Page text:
Broccoli does best in cool conditions with temperatures between 60 and 70 degrees F. It also needs lots of sunshine and well-drained soil with a neutral to slightly acidic pH—6.5 to 7.0 is ideal. If you live in a climate with very hot temperatures, it’s a good idea to plant your broccoli where it can get some shade during the day to help protect it.
If you start your own broccoli seeds indoors or purchase seedlings from a nursery, let them acclimate a little before you pop them in the ground. Though broccoli is a cool-weather crop, you don’t want to subject tender seedlings to a hard frost. You can put them outside by your house where they will get mostly indirect sunlight, with just a couple hours of direct sunlight each day, and yet be sheltered from frost. After a week, if the threat of frost has passed, you can move your acclimated plants to where you plan to plant them.
When planting broccoli seeds, sow seeds 1/2-inch deep and 3 inches apart. Once seedlings reach a height of 2 to 3 inches, thin them so that plants are 12 to 20 inches apart.
Transplant seedlings and garden center plants 12 to 20 inches apart, in holes slightly deeper than their container depth. Space rows of broccoli 3 feet apart. (Closer spacing produces smaller main heads, but more secondary heads.)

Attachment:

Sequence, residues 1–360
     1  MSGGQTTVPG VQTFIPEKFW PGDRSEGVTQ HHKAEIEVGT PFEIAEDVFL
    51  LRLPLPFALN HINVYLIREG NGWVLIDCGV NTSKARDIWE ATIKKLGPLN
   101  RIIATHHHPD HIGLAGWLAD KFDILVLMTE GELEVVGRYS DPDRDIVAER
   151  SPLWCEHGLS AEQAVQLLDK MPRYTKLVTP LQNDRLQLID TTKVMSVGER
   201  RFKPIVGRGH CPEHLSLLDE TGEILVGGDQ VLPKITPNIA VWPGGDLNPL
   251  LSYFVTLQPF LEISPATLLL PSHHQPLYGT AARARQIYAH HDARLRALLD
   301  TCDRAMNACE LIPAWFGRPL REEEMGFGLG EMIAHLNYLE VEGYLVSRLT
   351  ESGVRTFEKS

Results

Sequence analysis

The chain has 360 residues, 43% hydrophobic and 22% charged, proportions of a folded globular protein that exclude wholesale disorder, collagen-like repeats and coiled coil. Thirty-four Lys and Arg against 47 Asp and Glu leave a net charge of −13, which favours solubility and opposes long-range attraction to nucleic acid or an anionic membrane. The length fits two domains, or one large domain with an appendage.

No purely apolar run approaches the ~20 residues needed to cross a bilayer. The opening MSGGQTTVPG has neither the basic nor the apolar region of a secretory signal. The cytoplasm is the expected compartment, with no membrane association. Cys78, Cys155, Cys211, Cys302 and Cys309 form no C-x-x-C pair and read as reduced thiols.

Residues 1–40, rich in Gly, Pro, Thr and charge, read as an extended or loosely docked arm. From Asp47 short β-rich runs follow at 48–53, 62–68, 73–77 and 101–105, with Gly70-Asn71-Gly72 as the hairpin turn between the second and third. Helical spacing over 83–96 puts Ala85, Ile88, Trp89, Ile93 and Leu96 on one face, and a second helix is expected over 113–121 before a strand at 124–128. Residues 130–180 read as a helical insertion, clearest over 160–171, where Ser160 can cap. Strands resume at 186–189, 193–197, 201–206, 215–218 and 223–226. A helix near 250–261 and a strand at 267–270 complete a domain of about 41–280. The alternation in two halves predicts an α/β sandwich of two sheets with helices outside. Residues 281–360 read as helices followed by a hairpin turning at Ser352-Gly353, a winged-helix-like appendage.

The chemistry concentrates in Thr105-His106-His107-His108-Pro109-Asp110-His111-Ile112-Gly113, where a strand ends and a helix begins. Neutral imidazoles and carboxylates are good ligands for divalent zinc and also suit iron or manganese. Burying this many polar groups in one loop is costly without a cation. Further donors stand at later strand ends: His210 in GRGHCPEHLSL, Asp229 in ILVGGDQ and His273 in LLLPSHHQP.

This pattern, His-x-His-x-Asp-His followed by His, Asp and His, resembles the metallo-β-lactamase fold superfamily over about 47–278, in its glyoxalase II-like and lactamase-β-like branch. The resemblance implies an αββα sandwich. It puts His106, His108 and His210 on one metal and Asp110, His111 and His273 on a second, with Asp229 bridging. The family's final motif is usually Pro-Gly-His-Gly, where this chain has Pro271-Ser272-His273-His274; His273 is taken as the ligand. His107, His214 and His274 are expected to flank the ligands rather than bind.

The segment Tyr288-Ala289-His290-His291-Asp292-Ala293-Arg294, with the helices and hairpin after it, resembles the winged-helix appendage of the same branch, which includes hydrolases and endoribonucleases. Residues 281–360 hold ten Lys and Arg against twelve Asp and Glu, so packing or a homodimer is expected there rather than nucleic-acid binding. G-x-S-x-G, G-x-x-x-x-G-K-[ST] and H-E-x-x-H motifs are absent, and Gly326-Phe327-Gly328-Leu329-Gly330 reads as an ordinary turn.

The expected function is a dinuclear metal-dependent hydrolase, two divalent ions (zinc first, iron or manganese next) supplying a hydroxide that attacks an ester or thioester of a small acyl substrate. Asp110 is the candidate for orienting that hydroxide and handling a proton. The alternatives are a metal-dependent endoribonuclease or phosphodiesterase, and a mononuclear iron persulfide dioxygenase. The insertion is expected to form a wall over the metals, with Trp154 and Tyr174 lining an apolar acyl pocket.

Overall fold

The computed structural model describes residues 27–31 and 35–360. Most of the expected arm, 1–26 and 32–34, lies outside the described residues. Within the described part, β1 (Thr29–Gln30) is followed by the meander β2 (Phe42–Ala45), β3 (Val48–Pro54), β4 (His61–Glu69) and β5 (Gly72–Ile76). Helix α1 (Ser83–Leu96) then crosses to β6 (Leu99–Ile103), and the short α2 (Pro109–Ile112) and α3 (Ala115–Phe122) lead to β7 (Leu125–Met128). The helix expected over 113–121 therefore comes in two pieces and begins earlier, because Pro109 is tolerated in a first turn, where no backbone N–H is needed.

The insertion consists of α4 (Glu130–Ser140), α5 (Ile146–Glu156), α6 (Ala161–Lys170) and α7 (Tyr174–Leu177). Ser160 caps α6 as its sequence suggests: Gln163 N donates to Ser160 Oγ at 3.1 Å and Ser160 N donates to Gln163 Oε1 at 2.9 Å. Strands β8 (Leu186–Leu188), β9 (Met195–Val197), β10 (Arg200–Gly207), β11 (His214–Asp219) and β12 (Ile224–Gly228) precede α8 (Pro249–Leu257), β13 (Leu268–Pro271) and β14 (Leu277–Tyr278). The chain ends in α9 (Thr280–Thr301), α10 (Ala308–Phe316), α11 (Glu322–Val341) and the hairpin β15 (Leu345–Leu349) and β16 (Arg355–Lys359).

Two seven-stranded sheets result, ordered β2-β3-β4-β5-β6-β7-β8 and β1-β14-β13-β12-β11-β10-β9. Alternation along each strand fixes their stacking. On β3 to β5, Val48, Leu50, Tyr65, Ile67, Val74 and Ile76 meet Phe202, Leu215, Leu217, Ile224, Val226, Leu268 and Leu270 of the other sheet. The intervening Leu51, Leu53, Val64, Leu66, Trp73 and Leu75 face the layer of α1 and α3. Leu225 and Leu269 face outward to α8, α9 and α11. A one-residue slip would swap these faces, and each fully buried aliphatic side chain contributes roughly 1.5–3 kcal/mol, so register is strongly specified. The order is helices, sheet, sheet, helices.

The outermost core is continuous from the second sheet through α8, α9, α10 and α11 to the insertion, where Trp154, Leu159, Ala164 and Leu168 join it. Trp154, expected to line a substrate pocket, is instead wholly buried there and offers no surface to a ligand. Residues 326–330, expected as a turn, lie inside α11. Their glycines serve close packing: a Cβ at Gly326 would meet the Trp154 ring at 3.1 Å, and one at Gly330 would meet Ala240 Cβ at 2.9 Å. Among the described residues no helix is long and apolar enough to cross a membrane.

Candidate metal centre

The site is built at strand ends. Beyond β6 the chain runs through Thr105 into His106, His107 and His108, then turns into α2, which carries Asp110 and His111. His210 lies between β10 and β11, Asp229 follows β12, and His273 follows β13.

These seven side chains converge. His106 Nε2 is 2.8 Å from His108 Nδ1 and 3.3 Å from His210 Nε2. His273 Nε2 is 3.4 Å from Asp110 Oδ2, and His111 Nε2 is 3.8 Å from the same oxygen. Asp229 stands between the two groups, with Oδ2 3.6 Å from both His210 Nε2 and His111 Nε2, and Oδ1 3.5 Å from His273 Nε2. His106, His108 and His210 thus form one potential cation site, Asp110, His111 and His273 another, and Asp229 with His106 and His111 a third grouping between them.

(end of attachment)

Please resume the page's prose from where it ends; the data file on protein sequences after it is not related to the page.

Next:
Broccoli plants make good neighbors, offering very little competition to other plants. Even potatoes, which often have a negative effect on other vegetables, grow well alongside broccoli.
There’s some debate as to whether broccoli should be planted with members of its family such as cabbage, cauliflower, and Brussels sprouts. On the one hand, these plants have similar needs, making it easy to tend them when grown together. On the other hand, they attract similar pests and diseases, so if one plant is affected, its possible they all will.
Broccoli plants take up a lot of room, so they grow best planted among plants that don’t need much space and will enjoy some of the shade broccoli provides, such as loose-leaf lettuce, spinach, Swiss chard, and radishes.
Some plants that improve broccoli’s flavor include onions, celery, and potatoes. Additionally, aromatic plants that can help keep pests away include dill, rosemary, basil, mint, garlic, and thyme.
Broccoli sucks up calcium from the soil—which is good for the person who eats it but not for nearby plants that are also calcium lovers. Plants that need little calcium, such as marigolds, beets, and nasturtiums, make good broccoli neighbors and repel pests, too.
Other plants that broccoli thrives among include cucumbers, Swiss chard, lettuce, radishes, spinach, and shallots.
A few plants have a negative effect on broccoli, including: nightshades like tomatoes, peppers, and eggplant; pole, lima, and snap beans; and mustard greens, strawberries, and squash. Because broccoli is a heavy feeder, avoid planting them alongside other nutrition hogs such as asparagus, cantaloupe, sweet corn, and watermelon.
How do you plant your broccoli? What criteria for site selection has worked for you? Do you include companion plants with your broccoli plants? Please share your ideas with us.